You are here
Home > News > ‘Death camp dog tours aim to return victims’ dignity and open dialogue’ says Kraków Jewish group

‘Death camp dog tours aim to return victims’ dignity and open dialogue’ says Kraków Jewish group

Titled Żyd, Sąsiad i Pies (Jew, Neighbour and Dog), the two-hour tours at the site of the Płasów concentration camp where an estimated 8,000 Jews were killed during WWII, have sought to open dialogue with local residents whilst simultaneously educating them as to how to use the site in a way that is respectful of Jewish burial laws.
Pracownia Obrazu 2.0/ FestivALT/Facebook

A Kraków-based NGO has launched a series of guided dog walks around the former area of Płaszów concentration camp.

Organized by FestivALT, an independent Jewish arts collective, the initiative was successfully piloted at the start of the year and now three more events are planned to take place this weekend and then later in the summer.

First premiering in January, the opening walk was not widely publicized but still warmly received by curious local residents – and their four-legged friends.Pracownia Obrazu 2.0/ FestivALT/Facebook

Titled Żyd, Sąsiad i Pies (Jew, Neighbour and Dog), the two-hour tours have sought to open dialogue with local residents whilst simultaneously educating them as to how to use the site in a way that is respectful of Jewish burial laws.

First established in October 1942 by occupying German forces, KL Płaszów was built on two Jewish cemeteries and grew to cover a total of 80 hectares. At its peak, approximately 25,000 prisoners were interred there – the majority of which were Polish Jews.

Although no mass extermination facilities existed, the camp gained notoriety for its brutality and grim conditions. It is commonly thought that between five to eight thousand people died there as a result of starvation, disease and arbitrary executions.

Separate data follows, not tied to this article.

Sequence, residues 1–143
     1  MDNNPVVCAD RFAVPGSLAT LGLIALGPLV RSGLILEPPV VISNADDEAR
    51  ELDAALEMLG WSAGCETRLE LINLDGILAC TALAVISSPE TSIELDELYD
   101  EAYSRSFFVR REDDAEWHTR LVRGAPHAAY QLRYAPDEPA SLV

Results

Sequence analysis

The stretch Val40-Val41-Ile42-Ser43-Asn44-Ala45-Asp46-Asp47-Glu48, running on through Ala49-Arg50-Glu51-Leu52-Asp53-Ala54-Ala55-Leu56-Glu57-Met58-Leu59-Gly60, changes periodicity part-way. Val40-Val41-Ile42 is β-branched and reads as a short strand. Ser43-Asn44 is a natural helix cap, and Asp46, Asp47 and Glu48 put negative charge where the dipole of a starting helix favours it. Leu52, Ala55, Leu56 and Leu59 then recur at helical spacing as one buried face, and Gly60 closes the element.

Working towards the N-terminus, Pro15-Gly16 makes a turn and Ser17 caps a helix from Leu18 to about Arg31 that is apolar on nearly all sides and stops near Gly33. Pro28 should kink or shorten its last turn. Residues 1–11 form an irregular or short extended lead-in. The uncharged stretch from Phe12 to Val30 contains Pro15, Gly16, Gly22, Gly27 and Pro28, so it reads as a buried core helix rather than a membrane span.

Led by Aleksander Schwarz (pictured), an expert on Jewish burial laws and customs, the tour takes in the key sights of Płaszów with walkers also issued with headsets so as to allow dog owners to roam with their pets at their own pace.Pracownia Obrazu 2.0/ FestivALT/Facebook

Often carried out on a nearby hill by the name of Hujowa Górka, shootings became one of the most common causes of death – as the war neared its end, it is said that 17 truckloads of human ash were exhumed from the site in a desperate bid to obliterate all traces of war crimes.

However, despite its dark history and its location within Kraków’s boundaries, the site has traditionally struggled to attract attention outside its immediate environs. This stands to change with the future opening of a museum and exhibition centre, but for the time being the subject of how the site should be commemorated has often been met with apathy and muddled thinking.

Speaking to TFN, Magda Rubenfeld, co-director of FestivALT, said: “This is definitely not a traditional commemoration site because for decades nothing has really been done at Płaszów.Magda Rubenfeld

Speaking to TFN, Magda Rubenfeld, co-director of FestivALT, said: “This is definitely not a traditional commemoration site because for decades nothing has really been done at Płaszów. Awareness of its existence is minimal – even among Krakovians – and the city have continued to issue building permits so that what we now actually commemorate is only about half of the actual site.”

With swathes of the site swallowed by supermarkets, McDonald’s and other modern day developments, other sections have simply been left to the carefree hand of nature.

“We think the site needs a different approach,” says Rubenfeld, “and there’s a lot of ongoing work to raise consciousness of it – after all, how can people treat the area as it deserves if they don’t even know its significance.”

First established in October 1942 by occupying German forces, KL Płaszów was built on two Jewish cemeteries and grew to cover a total of 80 hectares. At its peak, approximately 25,000 prisoners were interred there – the majority of which were Polish Jews.Public domain